In recent times, the scientific community has started to pay more attention to the importance of the digestive system and its associated viscera (organs), nervous system and microbiome on health in general. It is now recognised that this complex body system is much more sophisticated and plays a much more significant role in both physical and mental well-being than just simply digesting the food we eat.
Our gut is made up of similar tissue to our brain. The gut consists of its own branch of the autonomic nervous system, that can function independently of the brain and spinal cord. This is known as the enteric nervous system. Sometimes this is referred to as our ‘second brain’, and it communicates via feeling and sensations, rather than thoughts or words. Most of us can relate to the notion of having ‘butterflies’ in our stomach, or a ‘knot’ of tightness when we are feeling nervous or anxious. The gut is also associated with specific areas of the brain that regulate memory, emotions, fear, self-awareness, and motivation, to name a few. The gut communicates to these areas of the brain via the vagus nerve, which is part of the parasympathetic nervous system (PSNS) and plays an important role in digestive processes.
So how might abdominal massage and visceral manipulation assist in managing stress?
Studies have shown that general massage may help stimulate the PSNS, by inducing a relaxed state (1). Other studies have also shown that general massage may also increase serotonin, a neurotransmitter that plays an important role in regulating mood, sleep, and bowel function (2). Serotonin helps to send messages between the gut and brain, a bi-directional pathway of communication between the two known as the Gut-Brain Axis. Most serotonin receptors are found in the gut.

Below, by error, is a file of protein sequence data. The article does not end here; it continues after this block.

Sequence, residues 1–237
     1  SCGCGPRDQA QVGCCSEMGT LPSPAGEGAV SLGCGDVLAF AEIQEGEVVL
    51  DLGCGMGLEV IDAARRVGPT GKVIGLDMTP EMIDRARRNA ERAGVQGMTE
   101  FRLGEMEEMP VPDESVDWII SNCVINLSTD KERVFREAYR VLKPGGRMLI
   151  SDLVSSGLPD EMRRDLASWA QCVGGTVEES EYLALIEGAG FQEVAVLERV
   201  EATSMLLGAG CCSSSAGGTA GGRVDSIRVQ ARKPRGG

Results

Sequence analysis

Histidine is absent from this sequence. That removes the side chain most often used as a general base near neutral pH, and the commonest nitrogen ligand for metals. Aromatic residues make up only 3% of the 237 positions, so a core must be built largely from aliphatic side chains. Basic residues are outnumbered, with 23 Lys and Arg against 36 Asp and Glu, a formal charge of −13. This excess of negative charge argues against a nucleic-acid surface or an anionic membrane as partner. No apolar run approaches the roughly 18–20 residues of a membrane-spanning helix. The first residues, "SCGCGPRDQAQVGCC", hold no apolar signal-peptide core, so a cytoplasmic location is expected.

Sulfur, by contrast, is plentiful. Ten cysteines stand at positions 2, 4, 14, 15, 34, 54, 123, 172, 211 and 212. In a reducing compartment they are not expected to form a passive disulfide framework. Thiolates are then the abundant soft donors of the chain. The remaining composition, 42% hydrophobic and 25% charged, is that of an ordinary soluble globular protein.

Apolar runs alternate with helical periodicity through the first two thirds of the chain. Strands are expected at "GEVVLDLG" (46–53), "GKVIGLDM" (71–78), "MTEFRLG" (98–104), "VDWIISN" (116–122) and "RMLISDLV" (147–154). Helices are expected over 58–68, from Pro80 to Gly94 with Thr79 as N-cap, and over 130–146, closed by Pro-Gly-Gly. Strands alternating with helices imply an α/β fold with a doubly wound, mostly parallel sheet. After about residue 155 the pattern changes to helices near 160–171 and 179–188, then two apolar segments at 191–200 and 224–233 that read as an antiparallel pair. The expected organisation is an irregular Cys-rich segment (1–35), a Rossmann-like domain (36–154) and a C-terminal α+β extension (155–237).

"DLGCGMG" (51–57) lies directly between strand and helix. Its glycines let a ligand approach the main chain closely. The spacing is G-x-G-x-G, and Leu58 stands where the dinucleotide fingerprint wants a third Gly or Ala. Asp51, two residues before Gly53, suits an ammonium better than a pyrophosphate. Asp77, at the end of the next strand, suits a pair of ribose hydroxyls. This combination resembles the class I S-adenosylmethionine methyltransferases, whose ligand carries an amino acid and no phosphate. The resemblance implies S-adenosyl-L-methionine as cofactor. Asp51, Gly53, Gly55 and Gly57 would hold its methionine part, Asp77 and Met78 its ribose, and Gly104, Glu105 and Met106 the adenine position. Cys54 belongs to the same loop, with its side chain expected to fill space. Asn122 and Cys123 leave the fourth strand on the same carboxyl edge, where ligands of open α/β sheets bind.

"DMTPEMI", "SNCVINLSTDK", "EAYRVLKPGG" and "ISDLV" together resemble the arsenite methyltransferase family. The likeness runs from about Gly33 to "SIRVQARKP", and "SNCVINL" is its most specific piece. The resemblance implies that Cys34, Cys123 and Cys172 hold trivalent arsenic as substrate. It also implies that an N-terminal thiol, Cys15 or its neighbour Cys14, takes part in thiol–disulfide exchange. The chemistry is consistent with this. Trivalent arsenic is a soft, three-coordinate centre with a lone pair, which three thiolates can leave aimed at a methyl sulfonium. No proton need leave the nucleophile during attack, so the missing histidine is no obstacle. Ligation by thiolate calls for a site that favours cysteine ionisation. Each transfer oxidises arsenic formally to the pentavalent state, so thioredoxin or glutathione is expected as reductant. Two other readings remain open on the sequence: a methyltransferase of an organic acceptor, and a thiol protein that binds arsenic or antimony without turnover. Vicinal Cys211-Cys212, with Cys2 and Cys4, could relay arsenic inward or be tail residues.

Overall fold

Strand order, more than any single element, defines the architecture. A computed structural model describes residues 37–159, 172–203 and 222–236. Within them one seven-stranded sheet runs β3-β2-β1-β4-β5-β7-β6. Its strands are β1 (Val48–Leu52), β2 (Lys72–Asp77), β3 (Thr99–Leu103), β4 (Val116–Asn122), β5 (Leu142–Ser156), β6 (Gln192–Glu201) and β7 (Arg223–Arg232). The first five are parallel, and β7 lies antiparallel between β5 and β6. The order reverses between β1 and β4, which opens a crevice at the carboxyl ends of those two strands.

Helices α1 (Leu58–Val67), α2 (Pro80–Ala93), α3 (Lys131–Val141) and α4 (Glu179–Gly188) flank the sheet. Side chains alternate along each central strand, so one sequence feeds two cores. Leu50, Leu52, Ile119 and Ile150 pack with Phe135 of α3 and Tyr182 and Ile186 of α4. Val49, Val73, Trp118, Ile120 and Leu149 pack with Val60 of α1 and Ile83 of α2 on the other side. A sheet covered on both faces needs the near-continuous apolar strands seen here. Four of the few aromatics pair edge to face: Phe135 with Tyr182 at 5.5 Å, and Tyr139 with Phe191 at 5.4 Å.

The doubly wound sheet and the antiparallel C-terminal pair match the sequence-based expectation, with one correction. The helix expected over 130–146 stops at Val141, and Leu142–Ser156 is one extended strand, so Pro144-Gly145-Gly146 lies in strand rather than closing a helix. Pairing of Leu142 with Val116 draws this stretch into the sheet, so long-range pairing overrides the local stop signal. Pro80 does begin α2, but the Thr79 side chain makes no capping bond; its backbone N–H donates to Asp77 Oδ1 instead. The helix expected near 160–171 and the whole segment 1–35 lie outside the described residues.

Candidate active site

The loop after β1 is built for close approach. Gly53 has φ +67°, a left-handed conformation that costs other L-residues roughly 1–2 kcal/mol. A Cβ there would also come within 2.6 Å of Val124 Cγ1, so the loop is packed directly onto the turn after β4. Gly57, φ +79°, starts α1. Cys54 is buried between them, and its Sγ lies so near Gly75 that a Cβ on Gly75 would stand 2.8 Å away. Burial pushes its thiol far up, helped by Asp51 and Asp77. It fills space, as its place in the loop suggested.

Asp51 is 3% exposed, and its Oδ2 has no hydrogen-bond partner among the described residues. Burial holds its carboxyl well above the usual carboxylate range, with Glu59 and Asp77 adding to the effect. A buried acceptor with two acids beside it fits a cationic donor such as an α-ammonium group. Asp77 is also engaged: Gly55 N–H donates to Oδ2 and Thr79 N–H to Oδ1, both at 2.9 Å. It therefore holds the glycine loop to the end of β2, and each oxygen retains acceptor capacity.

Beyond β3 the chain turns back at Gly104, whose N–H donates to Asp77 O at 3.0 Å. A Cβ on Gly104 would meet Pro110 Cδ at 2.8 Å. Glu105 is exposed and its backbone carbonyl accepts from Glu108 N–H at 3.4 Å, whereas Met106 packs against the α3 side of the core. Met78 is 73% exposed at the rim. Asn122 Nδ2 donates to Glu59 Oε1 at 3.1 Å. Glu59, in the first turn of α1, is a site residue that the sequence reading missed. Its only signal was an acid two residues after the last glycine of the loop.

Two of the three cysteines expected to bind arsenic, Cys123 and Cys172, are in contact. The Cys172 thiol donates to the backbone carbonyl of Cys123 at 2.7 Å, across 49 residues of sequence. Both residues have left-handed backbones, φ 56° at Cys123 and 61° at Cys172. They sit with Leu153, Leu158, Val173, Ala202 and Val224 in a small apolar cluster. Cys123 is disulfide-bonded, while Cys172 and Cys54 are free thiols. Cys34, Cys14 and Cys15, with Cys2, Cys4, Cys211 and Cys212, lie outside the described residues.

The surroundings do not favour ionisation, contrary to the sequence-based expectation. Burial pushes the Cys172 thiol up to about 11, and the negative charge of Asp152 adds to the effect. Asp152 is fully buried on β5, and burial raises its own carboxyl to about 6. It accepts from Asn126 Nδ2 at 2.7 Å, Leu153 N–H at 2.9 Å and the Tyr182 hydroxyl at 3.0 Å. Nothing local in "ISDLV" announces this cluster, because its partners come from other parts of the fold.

Though there has been limited research into abdominal massage or visceral manipulation in relation to anxiety or mood disorders, there have been some small studies using visceral osteopathy, which utilise visceral manipulation techniques, that show in addition to potentially helping conditions like IBS, secondary measures have also shown that quality of life and associated mood was also improved in subjects (3, 4). It is important to note that anxiety and mood disorders are often associated with IBS and other bowel disorders (5, 6). Serotonin may also play some significance in IBS and the symptoms individuals may present with (6). There have also been some studies in China, that found abdominal massage helped patients with generalised anxiety disorder (7).
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1. Bazzichi, L, Dini, M, Rossi, A, et al. A combination therapy of massage and stretching increases parasympathetic nervous activity and improves joint mobility in patients affected by fibromyalgia. Health. 2010;2 (8): 919-926
2. Field. T, Hernandez-reif. M, Diego. M, et al. Cortisol decreases and serotonin and dopamine increase following massage therapy. International Journal of Neuroscience. 2005;115 (10): 1397-1413.
3. Blanche-Maëllea. F, Gregoryb. F, Dainese. R, et al. Osteopathy improves the severity of irritable bowel syndrome: a pilot randomized sham-controlled stud. European Journal of Gastroenterology & Hepatology. 2012;24 (8): 944-949.
4. Hundscheid. Henry & Pepels, Manon & Engels, Leopold & Loffeld, Ruud. (2007). Treatment of irritable bowel syndrome with osteopathy: Results of a randomized controlled pilot study. Journal of gastroenterology and hepatology. 2007;22: 1394-1398.
5. Popa SL, Dumitrascu DL. Anxiety and IBS revisited: ten years later. Clujul Med. 2015;88 (3): 253-257.
6. Thijssen, A.Y., Mujagic, Z., Jonkers, D.M.A.E., Ludidi, S., Keszthelyi, D., Hesselink, M.A., Clemens, C.H.M., Conchillo, J.M., Kruimel, J.W. and Masclee, A.A.M. Alterations in serotonin metabolism in the irritable bowel syndrome. Aliment Pharmacol Ther. 2016;43 (2): 272-282.
7. Wang. H. The clinical efficacy of abdominal massage and its possible mechanism in the treatment of generalized anxiety disorder. Chinese Journal of Primary Medicine and Pharmacy. 2016;23 (10): 1506-1509.
Enders G. Gut. Melbourne: Scribe; 2015.